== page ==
Mr. Paull was found bloody and semi-conscious after a motorcycle accident. He smelled of intoxicants and had slurred speech. Police arrested him, and he was taken to the hospital. An officer read the informing the accused form to the now-unconscious Mr. Paull, then drew his blood.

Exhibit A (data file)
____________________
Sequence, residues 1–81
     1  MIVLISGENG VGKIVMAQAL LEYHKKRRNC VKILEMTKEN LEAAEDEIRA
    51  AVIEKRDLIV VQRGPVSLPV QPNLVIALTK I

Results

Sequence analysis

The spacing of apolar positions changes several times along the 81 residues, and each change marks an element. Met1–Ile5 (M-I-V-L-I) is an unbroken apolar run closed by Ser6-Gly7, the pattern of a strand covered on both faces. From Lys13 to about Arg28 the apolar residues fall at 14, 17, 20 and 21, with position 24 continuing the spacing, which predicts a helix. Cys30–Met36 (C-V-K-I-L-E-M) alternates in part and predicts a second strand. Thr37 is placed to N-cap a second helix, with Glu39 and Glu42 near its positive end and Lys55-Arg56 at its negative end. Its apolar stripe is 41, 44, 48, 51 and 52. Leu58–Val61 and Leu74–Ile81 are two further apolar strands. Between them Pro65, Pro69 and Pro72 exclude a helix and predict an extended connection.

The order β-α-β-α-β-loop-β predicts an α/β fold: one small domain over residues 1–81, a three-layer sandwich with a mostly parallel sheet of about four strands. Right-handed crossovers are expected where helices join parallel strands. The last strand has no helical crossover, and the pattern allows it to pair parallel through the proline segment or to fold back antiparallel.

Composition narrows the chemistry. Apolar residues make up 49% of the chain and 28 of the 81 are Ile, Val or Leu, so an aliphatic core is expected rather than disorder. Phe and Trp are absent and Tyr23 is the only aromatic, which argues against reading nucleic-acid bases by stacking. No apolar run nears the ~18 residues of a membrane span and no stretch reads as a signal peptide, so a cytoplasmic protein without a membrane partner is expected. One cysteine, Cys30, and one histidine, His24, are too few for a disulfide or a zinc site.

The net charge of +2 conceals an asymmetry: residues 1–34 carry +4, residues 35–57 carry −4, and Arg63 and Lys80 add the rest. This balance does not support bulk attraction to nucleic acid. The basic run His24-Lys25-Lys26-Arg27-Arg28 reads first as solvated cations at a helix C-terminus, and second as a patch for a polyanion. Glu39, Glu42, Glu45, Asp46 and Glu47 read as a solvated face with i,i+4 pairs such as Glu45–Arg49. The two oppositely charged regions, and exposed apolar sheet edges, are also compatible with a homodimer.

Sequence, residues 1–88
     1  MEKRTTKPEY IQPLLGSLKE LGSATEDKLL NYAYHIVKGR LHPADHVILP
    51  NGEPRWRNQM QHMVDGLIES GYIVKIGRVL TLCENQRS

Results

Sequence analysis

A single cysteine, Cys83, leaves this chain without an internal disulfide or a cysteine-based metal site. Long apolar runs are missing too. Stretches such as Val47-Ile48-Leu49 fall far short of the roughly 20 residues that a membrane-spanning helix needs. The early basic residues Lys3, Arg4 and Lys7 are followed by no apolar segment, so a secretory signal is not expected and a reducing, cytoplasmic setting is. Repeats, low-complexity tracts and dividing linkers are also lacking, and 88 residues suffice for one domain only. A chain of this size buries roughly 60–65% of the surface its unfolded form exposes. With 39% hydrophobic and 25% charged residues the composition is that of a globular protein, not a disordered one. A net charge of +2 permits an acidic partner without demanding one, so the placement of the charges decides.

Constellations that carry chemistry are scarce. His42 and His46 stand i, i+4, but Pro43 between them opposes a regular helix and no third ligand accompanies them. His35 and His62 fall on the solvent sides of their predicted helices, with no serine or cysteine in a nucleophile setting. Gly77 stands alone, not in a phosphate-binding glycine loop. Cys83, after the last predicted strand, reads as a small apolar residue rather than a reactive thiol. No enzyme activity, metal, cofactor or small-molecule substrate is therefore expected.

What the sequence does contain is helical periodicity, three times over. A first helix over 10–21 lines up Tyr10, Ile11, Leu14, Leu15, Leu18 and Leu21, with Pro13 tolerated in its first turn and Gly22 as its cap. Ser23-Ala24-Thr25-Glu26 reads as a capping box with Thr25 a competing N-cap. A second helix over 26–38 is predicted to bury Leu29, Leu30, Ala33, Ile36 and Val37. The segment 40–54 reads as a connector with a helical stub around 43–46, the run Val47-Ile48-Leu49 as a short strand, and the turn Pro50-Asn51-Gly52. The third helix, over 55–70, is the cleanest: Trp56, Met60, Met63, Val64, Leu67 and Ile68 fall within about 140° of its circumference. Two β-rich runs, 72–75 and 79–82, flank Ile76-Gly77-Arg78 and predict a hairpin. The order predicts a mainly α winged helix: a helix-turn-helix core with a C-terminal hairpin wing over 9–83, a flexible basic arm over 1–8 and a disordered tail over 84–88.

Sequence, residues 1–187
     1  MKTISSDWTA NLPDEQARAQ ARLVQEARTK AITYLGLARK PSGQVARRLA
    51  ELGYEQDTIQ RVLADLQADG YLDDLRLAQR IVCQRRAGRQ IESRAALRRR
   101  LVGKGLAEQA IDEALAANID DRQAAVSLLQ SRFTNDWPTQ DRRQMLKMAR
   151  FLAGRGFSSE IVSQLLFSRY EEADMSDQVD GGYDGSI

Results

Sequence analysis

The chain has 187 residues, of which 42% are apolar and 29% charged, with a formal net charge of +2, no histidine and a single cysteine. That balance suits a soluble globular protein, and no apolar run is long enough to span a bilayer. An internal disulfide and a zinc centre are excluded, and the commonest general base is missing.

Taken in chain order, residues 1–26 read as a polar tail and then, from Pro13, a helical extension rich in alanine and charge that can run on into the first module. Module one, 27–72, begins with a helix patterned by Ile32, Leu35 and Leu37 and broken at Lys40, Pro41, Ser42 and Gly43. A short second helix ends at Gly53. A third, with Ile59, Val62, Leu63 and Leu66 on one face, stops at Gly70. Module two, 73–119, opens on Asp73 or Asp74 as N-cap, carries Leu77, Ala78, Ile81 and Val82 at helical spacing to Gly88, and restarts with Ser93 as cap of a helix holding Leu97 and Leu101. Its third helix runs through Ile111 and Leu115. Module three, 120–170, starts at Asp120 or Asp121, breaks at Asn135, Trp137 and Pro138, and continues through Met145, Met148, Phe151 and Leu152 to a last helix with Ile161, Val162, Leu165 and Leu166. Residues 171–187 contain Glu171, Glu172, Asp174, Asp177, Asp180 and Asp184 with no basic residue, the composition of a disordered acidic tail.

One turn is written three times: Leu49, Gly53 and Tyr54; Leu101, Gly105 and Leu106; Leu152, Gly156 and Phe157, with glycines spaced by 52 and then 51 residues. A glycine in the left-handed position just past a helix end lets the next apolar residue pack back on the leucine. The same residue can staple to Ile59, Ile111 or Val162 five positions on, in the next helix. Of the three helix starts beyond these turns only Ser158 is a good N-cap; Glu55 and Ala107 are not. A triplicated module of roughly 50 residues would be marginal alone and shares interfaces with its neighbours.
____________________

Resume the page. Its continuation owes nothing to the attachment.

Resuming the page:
This case was on hold pending the resolution of State v. Mitchell and later Mitchell v. Wisconsin. Faithful readers will know that both SCOW and SCOTUS were both expected to address the constitutionality of implied-consent laws that authorize the taking of blood (rather than merely providing penalties for failure to consent). Faithful readers will also know that neither court did resolve this question. Here, the court of appeals holds that, even if the statutes are unconstitutional, this search–which happened in 2015, after McNeely but before Birchfield–falls under the good-faith exception. This is because the officer acted in accord with the statute as written; even if that statute is ultimately held unconstitutional (as it has not yet been), the officer was entitled to rely on it under Illinois v. Krull, 480 U.S. 240 (1987). Paull argued that the statute was so plainly unconstitutional after McNeely that no reasonable officer could have relied on it, see Krull, 480 U.S. at 355, but the court of appeals doesn’t buy it.